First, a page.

A Sense of Community Contradicts the Logic of the Market?

A Civilized Society Respects Individuals


On September 8, 2001, distinguished New York Times columnist Anthony Lewis joined the ranks of those who claim both to appreciate the ways in which freedom and competition produce greater prosperity and to think that we cannot have civilized communities coexisting with that freedom. These contradictory claims were brought to the fore in his mind by a visit to, of all places, Italy, where they have actually tried true communitarianism as recently as 50 years ago. That a visit to a formerly fascist country should make someone argue for stronger communitarianism is nothing short of baffling.

Lewis writes that there are values of community “that may require deviations from the cold logic of market theory.” Note of course that logic is only criticized for being “cold” when it is being used by one’s opponent. One presumes that Lewis uses it himself to make inferences and persuade others on a regular basis.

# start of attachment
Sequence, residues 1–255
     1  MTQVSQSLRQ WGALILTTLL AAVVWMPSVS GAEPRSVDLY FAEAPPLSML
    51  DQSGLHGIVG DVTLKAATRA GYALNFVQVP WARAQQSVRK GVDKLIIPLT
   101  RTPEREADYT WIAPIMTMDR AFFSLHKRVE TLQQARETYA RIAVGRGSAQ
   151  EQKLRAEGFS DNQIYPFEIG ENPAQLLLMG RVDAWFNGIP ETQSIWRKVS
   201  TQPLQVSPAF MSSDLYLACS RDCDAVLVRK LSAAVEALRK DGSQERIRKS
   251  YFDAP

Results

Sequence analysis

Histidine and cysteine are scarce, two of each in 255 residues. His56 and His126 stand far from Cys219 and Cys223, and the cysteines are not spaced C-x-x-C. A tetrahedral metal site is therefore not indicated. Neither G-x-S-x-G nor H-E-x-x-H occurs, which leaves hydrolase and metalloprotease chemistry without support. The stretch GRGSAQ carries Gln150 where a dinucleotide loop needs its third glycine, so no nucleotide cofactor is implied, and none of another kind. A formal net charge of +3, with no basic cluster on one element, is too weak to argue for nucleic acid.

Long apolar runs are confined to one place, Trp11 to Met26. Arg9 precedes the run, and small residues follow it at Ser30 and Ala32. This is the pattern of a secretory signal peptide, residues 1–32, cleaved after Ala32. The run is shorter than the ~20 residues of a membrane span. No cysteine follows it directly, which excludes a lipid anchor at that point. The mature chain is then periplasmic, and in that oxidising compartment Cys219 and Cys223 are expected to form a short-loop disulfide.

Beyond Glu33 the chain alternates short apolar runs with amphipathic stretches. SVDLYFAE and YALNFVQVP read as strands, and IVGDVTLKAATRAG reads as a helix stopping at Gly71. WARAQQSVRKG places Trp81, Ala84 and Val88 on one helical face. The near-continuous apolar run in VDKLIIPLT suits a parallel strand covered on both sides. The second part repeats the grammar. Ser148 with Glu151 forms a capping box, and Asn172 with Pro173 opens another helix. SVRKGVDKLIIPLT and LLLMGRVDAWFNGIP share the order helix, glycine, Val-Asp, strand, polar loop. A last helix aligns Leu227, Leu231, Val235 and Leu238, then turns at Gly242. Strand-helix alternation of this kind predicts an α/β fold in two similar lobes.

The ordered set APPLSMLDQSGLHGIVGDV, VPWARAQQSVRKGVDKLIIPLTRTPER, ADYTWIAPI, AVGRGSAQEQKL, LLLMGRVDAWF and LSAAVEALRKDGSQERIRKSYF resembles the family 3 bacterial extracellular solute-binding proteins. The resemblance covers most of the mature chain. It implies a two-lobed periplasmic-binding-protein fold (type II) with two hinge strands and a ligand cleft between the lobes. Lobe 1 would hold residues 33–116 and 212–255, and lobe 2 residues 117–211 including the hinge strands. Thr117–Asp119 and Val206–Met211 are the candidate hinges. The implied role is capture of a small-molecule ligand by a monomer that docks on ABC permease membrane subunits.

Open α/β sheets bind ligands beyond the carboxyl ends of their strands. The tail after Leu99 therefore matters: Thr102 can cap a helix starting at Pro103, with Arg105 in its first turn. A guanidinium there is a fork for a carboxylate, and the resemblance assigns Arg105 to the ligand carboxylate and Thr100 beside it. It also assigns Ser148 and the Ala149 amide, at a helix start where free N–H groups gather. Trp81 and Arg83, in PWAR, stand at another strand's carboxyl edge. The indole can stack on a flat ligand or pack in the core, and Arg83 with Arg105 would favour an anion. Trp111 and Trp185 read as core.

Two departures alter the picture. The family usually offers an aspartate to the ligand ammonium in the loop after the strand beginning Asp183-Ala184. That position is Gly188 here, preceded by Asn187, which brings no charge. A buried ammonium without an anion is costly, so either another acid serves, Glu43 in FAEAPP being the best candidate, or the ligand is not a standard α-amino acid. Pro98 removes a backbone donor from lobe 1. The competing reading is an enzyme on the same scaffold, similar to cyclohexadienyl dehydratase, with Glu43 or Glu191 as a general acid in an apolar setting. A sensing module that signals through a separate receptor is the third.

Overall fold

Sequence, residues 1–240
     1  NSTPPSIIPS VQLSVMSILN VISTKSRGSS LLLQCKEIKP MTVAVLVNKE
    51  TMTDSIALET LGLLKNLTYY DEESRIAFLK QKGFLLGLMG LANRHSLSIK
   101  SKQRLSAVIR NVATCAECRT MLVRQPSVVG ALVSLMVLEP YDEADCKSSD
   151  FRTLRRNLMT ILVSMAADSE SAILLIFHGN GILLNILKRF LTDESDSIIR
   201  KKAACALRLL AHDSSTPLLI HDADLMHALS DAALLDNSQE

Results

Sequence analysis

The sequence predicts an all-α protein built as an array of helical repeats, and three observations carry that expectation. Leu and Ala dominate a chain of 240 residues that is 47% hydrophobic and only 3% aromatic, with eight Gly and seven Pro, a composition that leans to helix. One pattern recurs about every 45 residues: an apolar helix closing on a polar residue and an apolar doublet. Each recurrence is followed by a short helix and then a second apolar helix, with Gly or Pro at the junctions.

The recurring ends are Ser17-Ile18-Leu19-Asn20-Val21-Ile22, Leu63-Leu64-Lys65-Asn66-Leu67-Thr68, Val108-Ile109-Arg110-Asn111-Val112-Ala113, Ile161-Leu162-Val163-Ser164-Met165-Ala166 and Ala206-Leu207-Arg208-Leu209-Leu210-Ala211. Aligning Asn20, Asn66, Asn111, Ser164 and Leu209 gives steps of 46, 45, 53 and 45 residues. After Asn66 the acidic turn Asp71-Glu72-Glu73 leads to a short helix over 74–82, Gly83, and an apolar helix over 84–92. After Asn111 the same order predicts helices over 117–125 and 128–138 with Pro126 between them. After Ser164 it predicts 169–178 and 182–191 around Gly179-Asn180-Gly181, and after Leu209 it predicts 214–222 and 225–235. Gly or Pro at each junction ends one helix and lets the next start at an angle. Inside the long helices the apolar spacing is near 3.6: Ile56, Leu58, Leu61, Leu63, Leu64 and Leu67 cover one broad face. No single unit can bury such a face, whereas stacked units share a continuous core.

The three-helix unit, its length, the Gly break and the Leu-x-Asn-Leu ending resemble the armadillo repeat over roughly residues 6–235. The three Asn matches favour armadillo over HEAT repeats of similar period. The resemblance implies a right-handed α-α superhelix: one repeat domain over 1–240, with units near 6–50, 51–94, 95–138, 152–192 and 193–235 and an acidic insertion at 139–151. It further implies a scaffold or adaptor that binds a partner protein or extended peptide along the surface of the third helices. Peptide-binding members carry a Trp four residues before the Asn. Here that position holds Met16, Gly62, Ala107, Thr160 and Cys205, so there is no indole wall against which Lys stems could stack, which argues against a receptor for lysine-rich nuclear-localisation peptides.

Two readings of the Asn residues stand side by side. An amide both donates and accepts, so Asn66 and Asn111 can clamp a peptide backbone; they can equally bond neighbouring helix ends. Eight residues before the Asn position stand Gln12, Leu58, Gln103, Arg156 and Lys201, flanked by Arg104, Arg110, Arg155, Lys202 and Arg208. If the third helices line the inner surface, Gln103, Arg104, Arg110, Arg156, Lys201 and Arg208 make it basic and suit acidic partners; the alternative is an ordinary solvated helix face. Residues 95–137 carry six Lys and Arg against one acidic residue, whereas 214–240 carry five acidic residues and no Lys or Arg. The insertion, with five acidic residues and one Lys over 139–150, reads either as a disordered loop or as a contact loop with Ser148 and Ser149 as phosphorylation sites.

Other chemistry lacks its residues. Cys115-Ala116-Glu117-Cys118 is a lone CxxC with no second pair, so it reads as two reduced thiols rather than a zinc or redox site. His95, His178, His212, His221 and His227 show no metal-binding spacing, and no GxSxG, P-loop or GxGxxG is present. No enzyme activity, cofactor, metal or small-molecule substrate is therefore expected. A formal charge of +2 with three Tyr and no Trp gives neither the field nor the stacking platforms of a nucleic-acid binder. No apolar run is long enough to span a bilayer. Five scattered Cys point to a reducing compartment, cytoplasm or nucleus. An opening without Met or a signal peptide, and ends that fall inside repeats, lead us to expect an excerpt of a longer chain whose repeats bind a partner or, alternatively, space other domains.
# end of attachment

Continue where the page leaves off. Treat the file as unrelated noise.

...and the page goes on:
But rhetorical analysis aside, is it true that there are some values of community that contradict market principles? Of course it is! But they tend to be values Lewis probably doesn’t support, like suppression of dissent (mustn’t offend community sensibilities) or the subjugation of the individual to the state (mustn’t promote excessive individualism). For example, Lewis relates an anecdote about the Nazis killing the men of one village, Civitella, and how the remembrance of that massacre helps foster a sense of community in the village. But the Nazis were hardly robust individualists! Like Italian fascism, Nazism was a profoundly communitarian movement. The remembrance of the massacre may well promote a sense of community, but I hope those people also remember that it was an ideology in which the community was accorded supreme status that made the massacre possible. Ideas like a master race, or a fatherland, or theocracy, are examples of attempts to foster a sense of community, not examples of unbridled individualism and devotion to free markets.